Genre Study (Discussion)
Television on genre
- Group 4: What dilemma do genre scholars face when trying to define a genre? Explain the theoretical way of escaping that dilemma and the historical way of escaping it. Within your group, conduct a survey to determine what its "cultural consensus" is for the definition of the sitcom. You may wish to refer to sitcoms we've seen in class.
- Groups 5 & 1: Genres may be defined based on their stylistic schema. Explain that phrase and how it might be used to define a genre. Provide an example.
- Groups 6 & 2: Genres may be defined by their subject matter--specifically, their narrative structure. Explain how Kaminsky and Mahan articulate the police show's narrative structure. Can you think of recent police shows that exemplify this?
- Group 3: Genres may be defined by their subject matter--specifically, their themes. Explain the "binary oppositions" (thematic structure) that Hurd finds in the police show. Can you think of recent police shows that exemplify this?
Jason Mittell on Dragnet and genre
- Mittell writes that he wants to explore "how the generic categories of
- police show,
- film noir, and
- radio crime drama
were all activated within and around the program. Dragnet not only drew upon these categories in its textual conventions, formal properties, and encoded meanings, but also in its larger cultural circulation in the 1950s and 1960s, activating discourses of generic definition, interpretation, and evaluation." (124)
- Groups 5 & 1: Mittell links the documentary and the semi-documentary, police-procedural film with Dragnet. What key connections does he see there? What elements assert Dragnet's "authenticity"? Can you see these in "The Big Shoplift" episode?
- Groups 6 & 2: According to the Mittell chapter, what stylistic conventions (what Television calls "stylistic schemas") can be found in Dragnet? (Hint: his term, "formal," refers to stylistic aspects of television.) For example, how does Mittell interpret the acting style of Dragnet and its "line editing"? Mittell refers to the style of TV crime dramas that were broadcast live--such as Martin Kane, Private Eye (although he uses other examples such as Man Against Crime). How does he characterize them? Do you observe this in Martin Kane? How is Dragnet different?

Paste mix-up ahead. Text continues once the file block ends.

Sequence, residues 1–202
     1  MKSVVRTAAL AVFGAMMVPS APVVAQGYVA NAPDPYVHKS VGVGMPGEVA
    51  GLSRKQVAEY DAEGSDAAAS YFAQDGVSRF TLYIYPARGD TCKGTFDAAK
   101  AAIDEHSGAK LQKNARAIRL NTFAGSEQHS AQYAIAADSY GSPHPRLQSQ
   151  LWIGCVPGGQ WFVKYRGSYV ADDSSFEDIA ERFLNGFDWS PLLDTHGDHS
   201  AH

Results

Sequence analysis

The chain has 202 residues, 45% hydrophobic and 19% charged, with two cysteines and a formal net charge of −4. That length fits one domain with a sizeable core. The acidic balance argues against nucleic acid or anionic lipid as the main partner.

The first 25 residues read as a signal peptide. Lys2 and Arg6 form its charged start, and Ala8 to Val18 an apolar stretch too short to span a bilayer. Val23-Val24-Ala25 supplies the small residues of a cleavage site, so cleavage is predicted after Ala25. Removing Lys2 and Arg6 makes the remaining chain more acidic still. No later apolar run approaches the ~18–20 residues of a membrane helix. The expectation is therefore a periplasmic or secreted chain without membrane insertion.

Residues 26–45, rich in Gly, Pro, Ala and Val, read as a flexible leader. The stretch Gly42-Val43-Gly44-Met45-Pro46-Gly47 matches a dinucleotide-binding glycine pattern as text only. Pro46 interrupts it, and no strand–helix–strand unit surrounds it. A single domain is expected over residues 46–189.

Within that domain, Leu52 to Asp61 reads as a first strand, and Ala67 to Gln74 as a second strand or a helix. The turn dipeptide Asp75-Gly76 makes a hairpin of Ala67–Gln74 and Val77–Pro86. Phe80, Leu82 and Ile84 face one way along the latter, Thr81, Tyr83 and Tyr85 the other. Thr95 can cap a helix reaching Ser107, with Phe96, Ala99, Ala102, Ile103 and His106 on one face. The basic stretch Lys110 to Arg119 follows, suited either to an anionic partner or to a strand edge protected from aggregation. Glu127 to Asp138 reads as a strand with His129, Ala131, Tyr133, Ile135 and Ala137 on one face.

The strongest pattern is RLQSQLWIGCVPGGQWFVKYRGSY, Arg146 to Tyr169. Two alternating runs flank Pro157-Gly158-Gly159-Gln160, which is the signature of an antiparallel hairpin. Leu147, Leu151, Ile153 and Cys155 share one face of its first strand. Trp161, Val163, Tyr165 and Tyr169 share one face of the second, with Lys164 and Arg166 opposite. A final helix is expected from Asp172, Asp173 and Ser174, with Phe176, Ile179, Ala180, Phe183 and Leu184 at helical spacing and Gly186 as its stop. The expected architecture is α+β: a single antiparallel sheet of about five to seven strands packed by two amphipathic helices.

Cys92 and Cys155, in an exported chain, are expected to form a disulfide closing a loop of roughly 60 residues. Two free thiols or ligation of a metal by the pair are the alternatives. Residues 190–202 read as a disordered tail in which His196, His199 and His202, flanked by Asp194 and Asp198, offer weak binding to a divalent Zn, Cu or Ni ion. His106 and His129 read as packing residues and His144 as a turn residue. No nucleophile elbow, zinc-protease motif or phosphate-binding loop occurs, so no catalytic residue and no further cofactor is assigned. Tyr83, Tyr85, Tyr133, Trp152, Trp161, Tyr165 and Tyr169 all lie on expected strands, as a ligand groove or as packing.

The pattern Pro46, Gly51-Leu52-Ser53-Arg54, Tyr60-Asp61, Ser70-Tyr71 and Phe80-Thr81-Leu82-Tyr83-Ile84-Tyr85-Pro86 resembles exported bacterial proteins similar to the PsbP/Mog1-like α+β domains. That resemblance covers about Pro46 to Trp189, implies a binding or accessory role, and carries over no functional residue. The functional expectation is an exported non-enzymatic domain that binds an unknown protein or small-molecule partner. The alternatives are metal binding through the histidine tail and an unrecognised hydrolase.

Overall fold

- Group 3:
- What narrative pattern does Mittell see in Dragnet? Outline it as Kaminsky and Mahan do.
- How does it compare/contrast with the Kaminsky and Mahan model?
- Can you see this in "The Big Shoplift" episode?
- Group 4: How does Mittell apply the idea of oppositions? What is his point about "mediating figures"? Is Sgt. Friday one? Does "The Big Shoplift" episode support his argument? How does this fit with Hurd's notion of binary oppositions?
- List two strength(s) of genre analysis. List two weaknesses of this approach. Email to firstname.lastname@example.org . Best responses are boldfaced by Dr. Butler.
- Group 1:
- s: (1) Genre analysis can help in identifying what to expect from various genres. (2) By establishing genre characteristics, it allows people a basis for future shows and a guideline for fitting into that certain genre.
- w: (1) There are always going to be outliers that fit into more than one genre, or don't fit into any specific genre. (2) People can use different methods in their analysis which can lead to varying conclusions or results
- Group 2:
- s: (1) If you wanted to make a genre show, it would be pretty easy because you would have a guide of characteristics and conventions to follow. (2) Genres leave more room for character development.
- w: (1) Shows within genres can be too similar. (2) Genres make the actual quality of shows harder to differentiate.
- Group 3:
- s: (1) Helps to understand and analyze the subject more. (2) It creates a good guideline to go by.
- w: (1) It can be marginalizing. (2) Narrowing, already influenced by genre so it can blur lines easily.
- Group 4:
- s: (1) It enables the viewer to recognize likeable traits of genre and find similar content. (2) When you group similar shows together it can be easier to gather meaning from the genre as a whole rather than an individual.
- w: (1) Forced perspective through labeling a genre. It can create expectations for audiences. (2) It can be difficult to analyze a show that goes against normal genre expectations.
- Group 5:
- s: (1) It's a good way to group shows together that enables viewers to find new information. (2) Continuous study allows us to see the constant and follow a genres progression over the years.
- w: (1) Having rigid categories can be very restricting to creators/showrunners because they can be pigeonholed into a specific set of tropes. (2) Judging media solely based on how the story is told ignores the diversity that a lot of shows have.
- Group 6:
- s: (1) It's what makes a TV show great or bad depending on your opinion. (2) It's what makes a TV show scary, funny, sad, happy etc.
- w: (1) Doesn't make you magically good at making TV shows. (2)You can lose originality if you focus too much on the genre.
- Group 1:
- Jeremy G. Butler, Television: Visual Storytelling and Screen Culture (NY: Routledge, 2018).
- Jason Mittell, Genre and Television: From Cop Show to Cartoons in American Culture (NY: Routledge, 2004).